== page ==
The appellants' allegations concerning the sign code bring this case within the scope of the above cases and require us to address the facial constitutionality of the ordinance without a showing of direct injury. The appellants, therefore, possess standing under the First Amendment exception and are not foreclosed by traditional standing requirements to challenge the sign code. However, because of the result reached in this opinion, reversal is not required as a result of the trial court's ruling on the standing issue.

II. Overbreadth and Vagueness

We address the appellants' contentions on the merits, notwithstanding the trial court's dismissal on standing, because we consider the questions are of law and not of fact. Considerations of judicial efficiency and economy also warrant this action.

The challenges to Steamboat Springs' sign code must be examined in the light of general principles of zoning law. Zoning ordinances are presumed to be valid, and one assailing them bears the burden of overcoming that presumption by proof that the ordinance is invalid beyond a reasonable doubt. Ford Leasing Development Co. v. Board of County Commissioners, 186 Colo. 418, 528 P.2d 237 (1974); Bird v. City of Colorado Springs, 176 Colo. 32, 489 P.2d 324 (1971); City and County of Denver v. Chuck Ruwart Chevrolet, Inc., 32 Colo.App. 191, 508 P.2d 789 (1973). Where the reasonableness of a zoning ordinance is fairly debatable, it must be upheld. Nopro Co. v. Town of Cherry Hills Village, 180 Colo. 217, 504 P.2d 344 (1972). Zoning ordinances will not be disturbed unless the legislature has exceeded its power or has acted unreasonably. City of Greeley v. Ells, 186 Colo. 352, 527 P.2d 538 (1974).

When reviewing a claim that a statute is overbroad, we must determine whether the ordinance prohibits speech that is beyond the scope of governmental regulation. Bolles v. People, supra. First Amendment concerns arise whenever signs are regulated or prohibited, because signs are by their very nature a means of expression and communication within the meaning of the First Amendment. Commercial speech and more traditional types of speech are both entitled to First Amendment protection. Virginia State Board of Pharmacy v. Virginia Citizens Consumer Council, 425 U.S. 748, 96 S. Ct. 1817, 48 L. Ed. 2d 346 (1976); Bigelow v. Virginia, 421 U.S. 809, 95 S. Ct. 2222, 44 L. Ed. 2d 600 (1975).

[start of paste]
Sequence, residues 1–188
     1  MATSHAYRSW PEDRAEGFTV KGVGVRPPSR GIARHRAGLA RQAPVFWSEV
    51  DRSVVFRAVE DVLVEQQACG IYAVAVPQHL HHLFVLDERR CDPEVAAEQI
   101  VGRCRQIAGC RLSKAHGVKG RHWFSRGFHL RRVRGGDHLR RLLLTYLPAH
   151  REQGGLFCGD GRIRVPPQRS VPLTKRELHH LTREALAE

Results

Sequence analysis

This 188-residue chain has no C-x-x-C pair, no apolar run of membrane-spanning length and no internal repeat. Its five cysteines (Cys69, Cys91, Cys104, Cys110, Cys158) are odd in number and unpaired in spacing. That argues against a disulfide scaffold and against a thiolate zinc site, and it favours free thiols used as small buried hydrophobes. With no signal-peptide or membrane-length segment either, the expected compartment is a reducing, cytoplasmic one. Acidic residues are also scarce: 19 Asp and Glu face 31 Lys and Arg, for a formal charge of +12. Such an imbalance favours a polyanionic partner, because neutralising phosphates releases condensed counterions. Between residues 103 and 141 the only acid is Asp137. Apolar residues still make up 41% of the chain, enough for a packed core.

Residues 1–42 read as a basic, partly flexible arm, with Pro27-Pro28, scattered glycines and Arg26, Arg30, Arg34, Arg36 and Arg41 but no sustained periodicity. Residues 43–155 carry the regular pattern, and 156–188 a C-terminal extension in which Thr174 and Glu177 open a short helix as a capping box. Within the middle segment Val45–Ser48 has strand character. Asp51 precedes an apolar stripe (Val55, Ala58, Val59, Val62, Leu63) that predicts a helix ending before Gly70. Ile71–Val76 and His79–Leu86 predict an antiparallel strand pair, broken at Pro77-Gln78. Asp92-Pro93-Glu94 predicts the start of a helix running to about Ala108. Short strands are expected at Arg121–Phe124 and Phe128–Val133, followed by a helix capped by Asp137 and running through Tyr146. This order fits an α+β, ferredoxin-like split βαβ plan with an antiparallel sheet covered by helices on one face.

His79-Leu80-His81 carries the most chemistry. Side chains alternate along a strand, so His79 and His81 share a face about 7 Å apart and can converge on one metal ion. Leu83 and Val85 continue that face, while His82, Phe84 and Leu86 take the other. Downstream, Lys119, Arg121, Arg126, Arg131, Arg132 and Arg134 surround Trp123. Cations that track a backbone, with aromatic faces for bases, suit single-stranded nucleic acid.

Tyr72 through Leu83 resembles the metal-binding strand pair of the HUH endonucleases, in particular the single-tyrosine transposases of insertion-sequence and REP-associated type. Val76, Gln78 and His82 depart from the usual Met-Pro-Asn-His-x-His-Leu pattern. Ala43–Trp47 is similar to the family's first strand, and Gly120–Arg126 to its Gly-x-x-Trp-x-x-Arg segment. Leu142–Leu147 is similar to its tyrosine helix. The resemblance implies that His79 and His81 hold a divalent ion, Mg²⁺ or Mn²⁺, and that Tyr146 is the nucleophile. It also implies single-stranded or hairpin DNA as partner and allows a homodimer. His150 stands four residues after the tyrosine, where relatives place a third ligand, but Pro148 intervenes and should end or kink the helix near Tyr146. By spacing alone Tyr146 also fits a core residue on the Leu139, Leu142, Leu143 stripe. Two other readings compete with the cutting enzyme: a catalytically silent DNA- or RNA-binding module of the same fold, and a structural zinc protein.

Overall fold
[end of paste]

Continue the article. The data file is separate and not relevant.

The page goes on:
The appellants initially contend that the sign code defines "sign" so broadly as to include all types of visual communication, including posters and picket signs. Section 2(B)(50) of the sign code, as contained within the city's zoning ordinance, defines "sign" as "an object or device or part thereof situated outdoors or indoors.. . ." Webster's New International Dictionary (2d ed. 1959) defines "situated" as:

"Having a site, situation or location; located, as a town situated on a hill. . ."

We conclude that the sign code regulates only those signs which are affixed in some manner to real property so as to be "situated."

The appellants' overbreadth and vagueness contentions are primarily directed at a general restriction of the sign code contained in Section 19(A)(2):

"Signs shall identify or advertise only interests conducted on the lot of the sign location, unless the Board of Adjustment, upon request, determines that an off-site sign, conforming to the district regulations in which the sign is located, is necessary to promote the interests of the use to which it relates."

*840 The sign code contains the following definitions:

"SignOff Premises. `Off premises sign' means a sign which contains a message unrelated to a business or profession conducted, or a commodity, service or entertainment sold or offered upon the premises which such sign is located and pertaining to a permitted use." "SignOn Premises. `On premises sign' means a sign directly pertaining to an existing permitted use on the property upon which said sign is located."

It is argued that the sign code is facially invalid, because it (a) effectively prohibits all off-premise signs, and (b) delegates standardless discretion to administrators, because exceptions are permitted by the sign code only if "necessary to promote the interests of the use to which it relates"a vague standard.

The regulation of conduct which touches First Amendment rights requires that we carefully balance the right of Steamboat Springs to exercise its police power against the ordinance's infringement on protected speech. In United States v. O'Brien, 391 U.S. 367, 88 S. Ct. 1673, 20 L. Ed. 2d 672 (1968), reh. den., 393 U.S. 900, 89 S. Ct. 63, 21 L. Ed. 2d 188 (1968), the Supreme Court set forth several requirements for the regulation of conduct that threatens First Amendment rights. Such regulation is permissible: